Yet thus far we are one in fortunes: both
Fell by our servants, by those men we loved most–
A most unnatural and faithless service.
Heaven has an end in all; yet you that hear me,
This from a dying man receive as certain:
Where you are liberal of your loves and counsels
Be sure you be not loose; for those you make friends
And give your hearts to, when they once perceive
The least rub in your fortunes, fall away
Like water from ye, never found again
But where they mean to sink ye. All good people,
Pray for me! I must now forsake ye; the last hour
Of my long weary life is come upon me.
Our ancestor William PAYNE Sr. was Edward Stafford, Duke of Buckingham‘s bailiff at the Manor of Hengrave. Under the manorial system a bailiff of the manor represented the peasants to the lord, oversaw the lands and buildings of the manor, collected fines and rents, and managed the profits and expenses of the manor and farm. Bailiffs were outsiders and free men, that is, not from the village. Borough bailiffs would be in charge of the villagers in the town.
William removed from Leicestershire to Suffolk and took up his residence at Hengrave. Carrying with him the use of his grandfather’s Coat of Arms, this came thence forth, in heraldic history to be known as the “Coat and Crest of Leicestershire, and Suffolk, ” and is especially known as belonging to “Payne of Hengrave.”
Buckingham was in attendance at court at the creation of Henry VII’s second son, the future King Henry VIII, as Duke of York on 9 November 1494, and was made a Knight of the Order of the Garter in 1495. In September 1497 he was a captain in the forces sent to quell a rebellion in Cornwall.
According to Davies, as a young man Buckingham played a conspicuous part in royal weddings and the reception of ambassadors and foreign princes, ‘dazzling observers by his sartorial splendour’. At the wedding of Henry VII’s then eldest son and heir Arthur, Prince of Wales, and Catherine of Aragon in 1501, he is said to have worn a gown worth £1500. He was the chief challenger at thetournament held the following day.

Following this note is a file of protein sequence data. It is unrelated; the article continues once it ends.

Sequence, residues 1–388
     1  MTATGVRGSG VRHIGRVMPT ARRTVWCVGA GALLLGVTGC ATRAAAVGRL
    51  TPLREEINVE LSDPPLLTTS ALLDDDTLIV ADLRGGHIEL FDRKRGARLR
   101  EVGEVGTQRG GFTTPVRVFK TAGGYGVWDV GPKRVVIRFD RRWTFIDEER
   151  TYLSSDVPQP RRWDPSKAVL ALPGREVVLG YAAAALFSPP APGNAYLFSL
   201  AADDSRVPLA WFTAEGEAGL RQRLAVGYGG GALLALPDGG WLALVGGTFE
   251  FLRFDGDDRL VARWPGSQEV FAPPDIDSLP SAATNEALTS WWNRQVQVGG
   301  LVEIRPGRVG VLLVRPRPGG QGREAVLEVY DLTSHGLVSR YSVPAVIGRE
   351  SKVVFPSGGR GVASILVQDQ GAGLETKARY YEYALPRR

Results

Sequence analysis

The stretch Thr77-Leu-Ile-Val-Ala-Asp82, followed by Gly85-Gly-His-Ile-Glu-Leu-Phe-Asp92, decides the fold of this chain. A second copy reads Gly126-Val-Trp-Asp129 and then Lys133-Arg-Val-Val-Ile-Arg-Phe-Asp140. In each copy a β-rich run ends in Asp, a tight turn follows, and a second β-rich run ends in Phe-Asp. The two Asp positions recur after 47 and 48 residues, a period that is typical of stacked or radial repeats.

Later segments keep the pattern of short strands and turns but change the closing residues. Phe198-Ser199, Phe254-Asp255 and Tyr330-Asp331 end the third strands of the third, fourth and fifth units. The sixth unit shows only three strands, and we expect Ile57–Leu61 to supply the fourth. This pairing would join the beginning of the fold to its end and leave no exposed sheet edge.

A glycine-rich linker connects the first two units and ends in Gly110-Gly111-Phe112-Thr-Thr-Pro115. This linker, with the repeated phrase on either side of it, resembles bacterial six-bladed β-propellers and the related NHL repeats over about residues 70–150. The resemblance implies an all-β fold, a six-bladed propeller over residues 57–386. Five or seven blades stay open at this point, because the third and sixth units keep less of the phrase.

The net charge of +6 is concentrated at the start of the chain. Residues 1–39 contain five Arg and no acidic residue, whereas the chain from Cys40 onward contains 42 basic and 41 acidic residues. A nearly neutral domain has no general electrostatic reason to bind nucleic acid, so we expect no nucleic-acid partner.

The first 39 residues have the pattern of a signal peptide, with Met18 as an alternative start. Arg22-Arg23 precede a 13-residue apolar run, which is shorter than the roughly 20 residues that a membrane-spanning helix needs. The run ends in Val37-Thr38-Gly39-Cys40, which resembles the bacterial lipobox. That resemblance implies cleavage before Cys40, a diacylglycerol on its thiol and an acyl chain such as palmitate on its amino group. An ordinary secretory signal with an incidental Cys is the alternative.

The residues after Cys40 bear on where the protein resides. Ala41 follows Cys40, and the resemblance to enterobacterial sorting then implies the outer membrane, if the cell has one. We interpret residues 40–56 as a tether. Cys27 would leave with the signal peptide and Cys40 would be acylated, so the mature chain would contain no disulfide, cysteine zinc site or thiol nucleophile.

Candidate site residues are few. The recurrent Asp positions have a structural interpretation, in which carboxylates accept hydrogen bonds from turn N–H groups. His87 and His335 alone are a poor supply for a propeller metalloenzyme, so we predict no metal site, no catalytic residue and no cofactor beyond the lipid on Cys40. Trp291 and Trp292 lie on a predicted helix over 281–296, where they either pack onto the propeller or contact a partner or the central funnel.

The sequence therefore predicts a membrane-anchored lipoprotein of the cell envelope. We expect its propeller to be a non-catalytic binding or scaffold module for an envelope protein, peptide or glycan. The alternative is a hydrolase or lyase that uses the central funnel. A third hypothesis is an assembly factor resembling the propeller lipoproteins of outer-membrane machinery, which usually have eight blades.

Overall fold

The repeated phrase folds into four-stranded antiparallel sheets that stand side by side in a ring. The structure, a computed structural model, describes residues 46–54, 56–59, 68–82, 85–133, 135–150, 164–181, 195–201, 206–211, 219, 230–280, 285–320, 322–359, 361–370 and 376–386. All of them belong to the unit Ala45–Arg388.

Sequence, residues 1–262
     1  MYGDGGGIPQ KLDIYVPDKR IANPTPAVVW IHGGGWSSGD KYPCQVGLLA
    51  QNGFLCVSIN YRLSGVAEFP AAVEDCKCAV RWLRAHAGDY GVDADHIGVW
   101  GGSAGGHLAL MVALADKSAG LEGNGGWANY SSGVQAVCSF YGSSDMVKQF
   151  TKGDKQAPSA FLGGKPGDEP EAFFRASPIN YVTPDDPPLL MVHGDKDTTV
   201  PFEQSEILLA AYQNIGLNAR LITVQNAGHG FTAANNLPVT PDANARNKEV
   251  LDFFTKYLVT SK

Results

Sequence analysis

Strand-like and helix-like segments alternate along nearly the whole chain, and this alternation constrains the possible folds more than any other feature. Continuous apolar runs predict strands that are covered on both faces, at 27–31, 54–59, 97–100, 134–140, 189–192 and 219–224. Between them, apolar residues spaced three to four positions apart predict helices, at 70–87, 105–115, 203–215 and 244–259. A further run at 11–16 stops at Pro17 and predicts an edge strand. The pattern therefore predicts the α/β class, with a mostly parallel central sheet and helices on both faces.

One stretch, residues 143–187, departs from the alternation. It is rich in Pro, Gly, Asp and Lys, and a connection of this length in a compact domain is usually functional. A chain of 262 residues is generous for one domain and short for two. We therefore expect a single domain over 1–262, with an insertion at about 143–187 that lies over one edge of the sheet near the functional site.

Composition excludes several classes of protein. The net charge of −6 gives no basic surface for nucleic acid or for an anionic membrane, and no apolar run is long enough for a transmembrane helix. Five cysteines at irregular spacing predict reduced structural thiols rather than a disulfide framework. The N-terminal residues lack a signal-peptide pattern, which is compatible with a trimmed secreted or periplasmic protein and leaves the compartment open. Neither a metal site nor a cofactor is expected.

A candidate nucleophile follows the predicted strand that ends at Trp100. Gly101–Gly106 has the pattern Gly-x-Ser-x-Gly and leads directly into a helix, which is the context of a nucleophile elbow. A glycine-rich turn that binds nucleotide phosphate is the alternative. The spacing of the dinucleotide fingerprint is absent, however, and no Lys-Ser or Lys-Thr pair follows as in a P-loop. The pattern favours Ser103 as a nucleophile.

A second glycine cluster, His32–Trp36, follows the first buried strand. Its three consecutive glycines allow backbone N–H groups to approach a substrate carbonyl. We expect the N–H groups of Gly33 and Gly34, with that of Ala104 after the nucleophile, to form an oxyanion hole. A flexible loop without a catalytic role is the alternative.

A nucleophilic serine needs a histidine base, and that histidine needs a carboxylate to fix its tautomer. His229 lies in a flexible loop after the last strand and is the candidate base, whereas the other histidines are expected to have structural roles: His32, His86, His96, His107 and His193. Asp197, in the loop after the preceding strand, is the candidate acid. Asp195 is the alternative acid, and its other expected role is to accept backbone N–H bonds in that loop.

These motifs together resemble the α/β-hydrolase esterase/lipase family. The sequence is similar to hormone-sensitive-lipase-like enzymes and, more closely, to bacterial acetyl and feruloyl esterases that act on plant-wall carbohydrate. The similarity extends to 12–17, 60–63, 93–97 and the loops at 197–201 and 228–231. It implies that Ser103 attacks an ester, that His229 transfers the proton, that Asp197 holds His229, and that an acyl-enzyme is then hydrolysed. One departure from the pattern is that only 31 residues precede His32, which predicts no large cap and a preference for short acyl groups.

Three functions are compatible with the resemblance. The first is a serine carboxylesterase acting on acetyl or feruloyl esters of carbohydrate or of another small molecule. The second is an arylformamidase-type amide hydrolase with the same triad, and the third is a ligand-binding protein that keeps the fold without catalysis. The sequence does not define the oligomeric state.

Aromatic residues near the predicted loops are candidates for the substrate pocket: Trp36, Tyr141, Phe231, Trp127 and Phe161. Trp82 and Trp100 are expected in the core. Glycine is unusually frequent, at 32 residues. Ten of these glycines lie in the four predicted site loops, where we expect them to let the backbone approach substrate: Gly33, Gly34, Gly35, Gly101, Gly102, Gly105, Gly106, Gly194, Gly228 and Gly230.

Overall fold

At the accession of King Henry VIII, Buckingham was appointed on 23 June 1509, for the day of the coronation only, Lord High Constable, an office which he claimed by hereditary right. He also served as Lord High Steward at the coronation, and bearer of the crown. In 1509 he was made a member of the King’s Privy Council.
According to Davies, in general Buckingham exercised little direct political influence, and was never a member of the King’s inner circle.
Buckingham fell out dramatically with the King in 1510, when he discovered that the King was having an affair with the Countess of Huntingdon, the Duke’s sister and wife of the 1st Earl of Huntingdon. She was taken to a convent sixty miles away. There are some suggestions that the affair continued until 1513. However, he returned to the King’s graces, being present at the marriage of Henry’s sister, served in Parliament and being present at negotiations with Francis I of France and Charles V, Holy Roman Emperor.
Buckingham, with his Plantagenet blood and numerous connections by descent or marriage with the rest of the aristocracy, became an object of Henry’s suspicion. During 1520, Buckingham became suspected of potentially treasonous actions and Henry VIII authorized an investigation. The King personally examined witnesses against him, gathering enough evidence for a trial. The Duke was finally summoned to Court in April 1521 and arrested and placed in the Tower. He was tried before a panel of 17 peers, being accused of listening to prophecies of the King’s death and intending to kill the King; however, the King’s mind appeared to be decided and conviction was certain. He was executed on Tower Hill on 17 May.
The office thus becoming vacant by the death of the Duke, William PAYNE lost his place as deputy, and was obliged to retire to private life.
The Duke’s successor Sir Thomas Kytson , however, appointed William Payne’s son Henry to the office of bailiff previously held by the father. Kytson was a wealthy English merchant, sheriff of London, and builder of Hengrave Hall.
Henry Payne became good friends with Sir Thomas and his wife and her third husband John Bourchier, 2nd Earl of Bath. Henry was also counsel for the Earl and Countess of Bath. Hengrave Hall is one of the most magnificent manors from the Tudor period still existing.